LAW WEEK COLORADO
The U.S. Supreme Court on Monday struck down three key provisions of Arizona’s tough new immigration law and a fourth may not survive further court challenges.
In a 5-3 ruling, the court said that Arizona mostly over-reached with its 2010 law because the power to regulate immigration belongs solely to the federal government.
Arizona sparked a national debate on immigration policy when it passed the law. Lawmakers in the border state complained that the federal government wasn’t doing enough to control illegal immigration, and took matters into their own hands. Lawmakers in several other states adopted similar laws.
The Obama administration sued Arizona to overturn the law. In its ruling on Monday, the court left standing a provision that requires police officers to check the immigration status of people during lawful stops. However, the court said this provision is still subject to challenge in a lower court.
The court struck down other provisions on the grounds that they are pre-empted by federal law. Those provisions:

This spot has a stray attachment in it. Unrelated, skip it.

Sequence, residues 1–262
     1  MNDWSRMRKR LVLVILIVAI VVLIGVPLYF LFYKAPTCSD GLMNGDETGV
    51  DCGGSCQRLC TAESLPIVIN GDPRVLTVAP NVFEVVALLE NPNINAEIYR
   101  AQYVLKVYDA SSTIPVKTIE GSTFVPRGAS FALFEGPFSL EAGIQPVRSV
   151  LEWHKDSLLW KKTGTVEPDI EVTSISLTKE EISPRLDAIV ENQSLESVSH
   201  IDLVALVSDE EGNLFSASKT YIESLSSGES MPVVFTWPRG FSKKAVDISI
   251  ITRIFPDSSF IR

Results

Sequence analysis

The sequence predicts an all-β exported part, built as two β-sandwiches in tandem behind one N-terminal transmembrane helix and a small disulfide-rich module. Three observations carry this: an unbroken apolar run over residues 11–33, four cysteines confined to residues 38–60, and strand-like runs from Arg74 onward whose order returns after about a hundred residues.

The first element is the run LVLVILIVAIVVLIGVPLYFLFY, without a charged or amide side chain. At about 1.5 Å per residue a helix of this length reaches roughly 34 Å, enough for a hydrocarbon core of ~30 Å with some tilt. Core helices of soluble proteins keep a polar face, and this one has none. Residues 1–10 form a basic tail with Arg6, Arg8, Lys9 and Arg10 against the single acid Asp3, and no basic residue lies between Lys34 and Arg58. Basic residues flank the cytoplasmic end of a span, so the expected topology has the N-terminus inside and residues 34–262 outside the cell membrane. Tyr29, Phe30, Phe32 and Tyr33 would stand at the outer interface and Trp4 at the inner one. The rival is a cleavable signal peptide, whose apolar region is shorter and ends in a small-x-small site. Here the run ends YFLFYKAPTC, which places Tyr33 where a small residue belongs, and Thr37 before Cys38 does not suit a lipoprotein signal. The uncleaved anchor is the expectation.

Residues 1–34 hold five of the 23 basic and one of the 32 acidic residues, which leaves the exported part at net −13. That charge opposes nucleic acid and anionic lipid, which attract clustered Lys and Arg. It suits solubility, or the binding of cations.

* Made it a crime for someone to be in the country illegally. Federal law already makes this a crime, the court noted.
* Made it a crime for undocumented immigrants to apply for a job or work in Arizona. Only the federal government can make this a crime, the court said.
* Allowed law enforcement officials to arrest someone without a warrant if they believed the person committed a crime that could lead to deportation. Only the federal government can authorize this, the court said.
Justice Anthony Kennedy wrote the majority decision in Arizona v. United States. Justices Antonin Scalia, Clarence Thomas and Samuel Alito Jr. each issued their own dissents.